Antique Ancestor Official in Ornate Robe with Raised Lacquer Designs (5686BREM)

$4,950.00

H: 23.5″  W: 15.625″  D: 10″ |  CALL US AT 213-568-3030 for SHIPPING and Price INFORMATION

This exceptional Qing carving portrays a seated official ancestor wearing  traditional official’s clothing, a red and black official’s hat and black boots. His inset glass eyes and high cheekbones frame a large curved nose, a strong projecting chin and forehead wrinkles indicating a man of importance with the wisdom of age who demands respect. The top two robe layers have wide borders with marvelous raised lacquer decorations that include beautiful cloud forms, flying phoenixes with spread wings and floral sprays.

Description

This fine Chinese wood carving is a seated ancestor figure portrayed as a Chinese official. By the 10th century, the Chinese  bureaucracy was run by a class of scholarly elite officials who passed a variety of tough examinations in history, philosophy and the Confucian teachings of statecraft and ethics. Passing made them eligible for positions from local magistrate to the highest state ministers (Blofeld, p. xv) giving them and their families status, power and financial stability for life. Families honored their ancestors in paintings and carvings reflecting both their wealth and  filial piety. This statue reveals both. The man’s forceful face with inset glass pupils, high cheekbones, projecting chin, forehead wrinkles indicating his wisdom of age and the holess that held hair for his moustache and beard commands great respect. His official attire is meant to impress from his hat to his extravagant robes to his boots. The first layer is a barely visible around his neck. The middle yellow-gold layer is decorated with a wide red trim (the color of fu or blessings) and a bead shaped border enclosing beautifully lacquered floral sprays in relief. The outer robe is covered with a wealth of raised  lacquer designs. Its U-shaped border is covered with raised spirals. The robe has elegant folds and a set of flying phoenixes on the shoulders and another at the knees symbolizing the prosperity, rank and great blessings of his official status (Welch, p. 124 and 160). Linked to peaceful, benevolent times, a phoenix symbolizes good fortune, a homophone for the salary, high status and rewards that come with a civil service position. These homophonic words also amplift the meaning to “… rapidly advance in one’s career.” (p. 83) Stylized clouds (yun) are scattered there and are a homophone for good fortune (fuyun) and, as they are high in the sky, they also symbolize high rank. (Bartholomew p. 105) Covered with a smokey black coating from incense and candle offerings, they compound the natural darkening of Chinese lacquer over time. The rear cavity indicates this piece was consecrated. A form of ancestor worship, it could have been on a home altar. But given its size and beauty, it may have been in a special family or clan shrine. The front of the carving is in very good condition with expected surface losses; the back has age and some old stanilized insect deterioration. This special piece is set on a modern frosted Lucite stand that works in any decor.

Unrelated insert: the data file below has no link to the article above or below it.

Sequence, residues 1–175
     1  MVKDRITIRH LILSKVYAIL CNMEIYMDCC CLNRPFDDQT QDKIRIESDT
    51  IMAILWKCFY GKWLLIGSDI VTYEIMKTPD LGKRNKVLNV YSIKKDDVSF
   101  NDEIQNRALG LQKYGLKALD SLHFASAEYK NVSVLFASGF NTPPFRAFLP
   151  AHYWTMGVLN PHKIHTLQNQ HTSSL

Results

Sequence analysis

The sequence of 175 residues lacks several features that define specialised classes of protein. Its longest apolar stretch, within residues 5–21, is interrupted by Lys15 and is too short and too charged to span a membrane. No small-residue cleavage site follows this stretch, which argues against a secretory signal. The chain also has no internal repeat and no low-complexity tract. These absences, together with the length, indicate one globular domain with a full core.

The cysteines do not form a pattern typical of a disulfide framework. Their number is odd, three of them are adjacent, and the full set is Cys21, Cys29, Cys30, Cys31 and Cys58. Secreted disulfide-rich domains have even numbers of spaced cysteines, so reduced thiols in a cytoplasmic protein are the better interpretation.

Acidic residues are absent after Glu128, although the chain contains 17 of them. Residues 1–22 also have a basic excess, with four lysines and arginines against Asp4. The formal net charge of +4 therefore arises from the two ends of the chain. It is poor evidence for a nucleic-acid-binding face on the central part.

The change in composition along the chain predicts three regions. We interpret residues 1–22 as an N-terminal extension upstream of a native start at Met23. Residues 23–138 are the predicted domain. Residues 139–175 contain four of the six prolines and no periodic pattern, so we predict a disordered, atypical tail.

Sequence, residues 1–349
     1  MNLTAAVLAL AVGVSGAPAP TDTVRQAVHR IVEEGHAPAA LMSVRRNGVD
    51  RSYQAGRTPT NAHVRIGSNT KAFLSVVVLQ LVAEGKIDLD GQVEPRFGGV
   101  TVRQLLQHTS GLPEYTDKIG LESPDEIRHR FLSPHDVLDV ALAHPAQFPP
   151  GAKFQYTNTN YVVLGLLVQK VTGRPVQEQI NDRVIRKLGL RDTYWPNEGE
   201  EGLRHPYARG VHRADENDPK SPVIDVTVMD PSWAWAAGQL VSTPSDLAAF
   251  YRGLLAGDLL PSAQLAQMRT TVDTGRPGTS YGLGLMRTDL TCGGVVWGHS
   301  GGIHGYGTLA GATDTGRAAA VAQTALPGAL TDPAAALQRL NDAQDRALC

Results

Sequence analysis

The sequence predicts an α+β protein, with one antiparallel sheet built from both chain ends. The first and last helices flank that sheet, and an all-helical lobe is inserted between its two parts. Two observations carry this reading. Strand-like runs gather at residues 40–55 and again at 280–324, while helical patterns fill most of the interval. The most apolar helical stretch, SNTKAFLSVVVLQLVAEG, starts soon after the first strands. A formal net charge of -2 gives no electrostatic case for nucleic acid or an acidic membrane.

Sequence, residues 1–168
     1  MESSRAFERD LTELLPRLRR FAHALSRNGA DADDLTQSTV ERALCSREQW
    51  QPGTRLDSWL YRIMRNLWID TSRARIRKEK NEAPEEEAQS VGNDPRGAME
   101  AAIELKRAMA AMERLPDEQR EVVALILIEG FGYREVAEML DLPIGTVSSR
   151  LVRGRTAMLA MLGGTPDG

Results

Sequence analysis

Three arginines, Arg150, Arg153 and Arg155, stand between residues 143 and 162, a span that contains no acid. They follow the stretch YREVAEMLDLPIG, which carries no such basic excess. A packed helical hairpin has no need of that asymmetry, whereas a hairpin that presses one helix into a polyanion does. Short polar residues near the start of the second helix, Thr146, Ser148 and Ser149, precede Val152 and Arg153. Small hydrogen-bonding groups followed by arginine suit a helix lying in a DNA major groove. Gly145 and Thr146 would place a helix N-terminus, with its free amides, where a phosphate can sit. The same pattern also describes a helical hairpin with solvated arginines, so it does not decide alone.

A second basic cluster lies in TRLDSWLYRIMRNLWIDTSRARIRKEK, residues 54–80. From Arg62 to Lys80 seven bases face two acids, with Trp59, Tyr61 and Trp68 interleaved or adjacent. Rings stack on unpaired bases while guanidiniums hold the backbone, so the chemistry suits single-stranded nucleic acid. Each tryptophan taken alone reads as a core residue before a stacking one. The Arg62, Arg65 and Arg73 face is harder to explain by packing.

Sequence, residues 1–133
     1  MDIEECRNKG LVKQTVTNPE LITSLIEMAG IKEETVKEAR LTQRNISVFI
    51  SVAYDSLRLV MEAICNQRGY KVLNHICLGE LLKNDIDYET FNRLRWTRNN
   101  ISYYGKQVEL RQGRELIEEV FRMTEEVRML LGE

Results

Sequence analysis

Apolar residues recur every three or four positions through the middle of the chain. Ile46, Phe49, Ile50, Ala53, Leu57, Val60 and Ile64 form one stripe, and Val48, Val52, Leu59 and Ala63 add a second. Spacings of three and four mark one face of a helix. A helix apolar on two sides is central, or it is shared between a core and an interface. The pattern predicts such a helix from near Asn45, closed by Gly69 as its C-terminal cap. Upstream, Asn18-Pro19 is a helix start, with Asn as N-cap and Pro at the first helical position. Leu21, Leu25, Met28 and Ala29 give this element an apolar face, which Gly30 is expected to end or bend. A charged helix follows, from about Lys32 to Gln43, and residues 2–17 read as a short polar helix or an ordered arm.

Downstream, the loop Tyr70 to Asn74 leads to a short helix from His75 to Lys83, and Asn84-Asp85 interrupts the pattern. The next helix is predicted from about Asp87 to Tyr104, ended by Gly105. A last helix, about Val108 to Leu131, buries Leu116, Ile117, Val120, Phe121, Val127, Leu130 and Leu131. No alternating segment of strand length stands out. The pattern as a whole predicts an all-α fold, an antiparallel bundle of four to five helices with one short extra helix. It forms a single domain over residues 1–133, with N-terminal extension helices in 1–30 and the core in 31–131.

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Sources

Terese Tse Bartholomew, Hidden Meanings in Chinese Art, San Francisco, Asian Art Museum of San Francisco, 2006.      

Patricia Bjaaland Welch, Chinese Art: A Guide to Motifs and Visual Imagery, North Clarendon, Tuttle Publishing, 2008.

Additional information

Place of Origin

China

Period

Antique, Qing Dynasty

Date

18-19th Century

Materials and Technique

Wood

Dimensions (inches)

Ht: 23.5” W: 15.625” D: 10”

Dimensions (metric)

Ht: 59.69cm W: 39.68cm D: 25.4cm

Reference Number

5686BREM

Condition

Very good, see description